Superhero Scripture: A Comic Compendium One-Shot

Would you want to read a comic book and then read a prose version of the exact same story? Of course you wouldn’t! Ed has another geeky rant

Has anyone else noticed that occasionally publishers add scripts to the back of their comics as “additional extras”? Without scripts, we wouldn’t have films, plays or soap operas. And while I could do without the latter, disposing of them completely would mean that I’d also have do without some of the best comics out there, which would includes masterpieces like Astro City by Kurt Busiek, J.M. Straczynski’s run on Thor, and Kingdom Come by the genius that is Alex Ross (even if he was assisted by a hack named Mark Waid). This is not an existence I would like to contemplate. Without the script, the additional images and artwork would not be able to create the same wonderful experience by themselves, and instead these “comics” would actually be named “books” or “screenplays.” It’s partly because of how important scripts are to the overall story that including it in the trade collection itself baffles me. I certainly don’t understand how this is to supposed to make a collection a “Special Edition.”

It would be much better if comic companies would follow the example of collections like Ultimate X-Men: Ultimate Collection Book One, which includes a script that’s different from the comic you’ve just read. That the X-Men script was the original draft by Brian Michael Bendis just happens to be the icing on the cake. I can’t really understand the reasoning behind including the exact same script with the story, though, as if I’ve just seen an adventure played out in beautiful images that surprise and excite and had it replaced with something that eschews all of those things. Did you think that reading instead of enacting Shakespeare in school was pointless? Well this is much, much worse. Although I wouldn’t call myself a comic purist, I’m not exactly a slouch either, and I can’t imagine why even the most “hardcore” fan of any comic would want to read an exactly identical script, as you gain nothing but lose valuable moments of your life reading the same thing that you’ve JUST FUCKING READ.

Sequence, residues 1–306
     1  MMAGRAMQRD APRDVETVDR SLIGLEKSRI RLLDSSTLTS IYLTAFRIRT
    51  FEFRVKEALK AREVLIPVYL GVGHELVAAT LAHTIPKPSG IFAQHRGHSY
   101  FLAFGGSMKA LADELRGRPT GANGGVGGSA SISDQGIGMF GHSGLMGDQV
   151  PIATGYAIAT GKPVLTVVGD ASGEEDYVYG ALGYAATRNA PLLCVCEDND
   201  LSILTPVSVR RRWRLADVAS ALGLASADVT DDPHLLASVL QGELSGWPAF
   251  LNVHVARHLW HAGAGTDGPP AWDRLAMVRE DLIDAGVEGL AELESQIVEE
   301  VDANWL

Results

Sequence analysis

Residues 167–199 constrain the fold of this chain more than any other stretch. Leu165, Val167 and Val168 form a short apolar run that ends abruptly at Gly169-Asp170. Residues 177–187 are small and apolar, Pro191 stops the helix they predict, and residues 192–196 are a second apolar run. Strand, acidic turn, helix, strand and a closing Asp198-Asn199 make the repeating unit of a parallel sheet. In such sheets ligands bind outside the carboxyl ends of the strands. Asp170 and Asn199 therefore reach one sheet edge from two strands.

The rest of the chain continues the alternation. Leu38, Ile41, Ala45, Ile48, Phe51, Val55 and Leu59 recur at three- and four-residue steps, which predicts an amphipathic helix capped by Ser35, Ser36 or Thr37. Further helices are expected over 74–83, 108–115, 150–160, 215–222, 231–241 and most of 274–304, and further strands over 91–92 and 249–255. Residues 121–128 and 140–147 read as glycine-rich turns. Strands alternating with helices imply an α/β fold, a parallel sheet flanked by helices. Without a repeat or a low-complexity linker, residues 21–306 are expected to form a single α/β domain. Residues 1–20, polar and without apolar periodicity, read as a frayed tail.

I’d rather see unused or original art at the end of comic books, especially when you see the development of characters, scenes, and even the cover art. If you’ve ever read an Astro City book, you’ll have seen Ross’ development of the covers with different models used for different poses and their various permutations. You also see development for multiple characters and, in the first collection, you even see how they’ve created this entire universe, with some of the details hinted to in the first batch only coming to light in the sixth and seventh collections, fifteen-plus years later. The amount of forethought that must have gone into the entire series is absolutely staggering, and seeing the development and evolution of the series is wonderful.

As previously stated, I have no problem reading unused scripts or those that differ in major ways to the final product, and that is something I take great pleasure in discovering. If you need additions to the collected editions to make the increased price worth paying, then the comic companies need to do more than adding scripts, a practice that is nothing more than the worst sort of filler. It’s like when a “Special” or “Collector’s Edition” music CD only contains near-identical demos, remixes or radio versions of one or two songs. Unless you’re a compulsive collector or fan, it will never be worth the extra cash…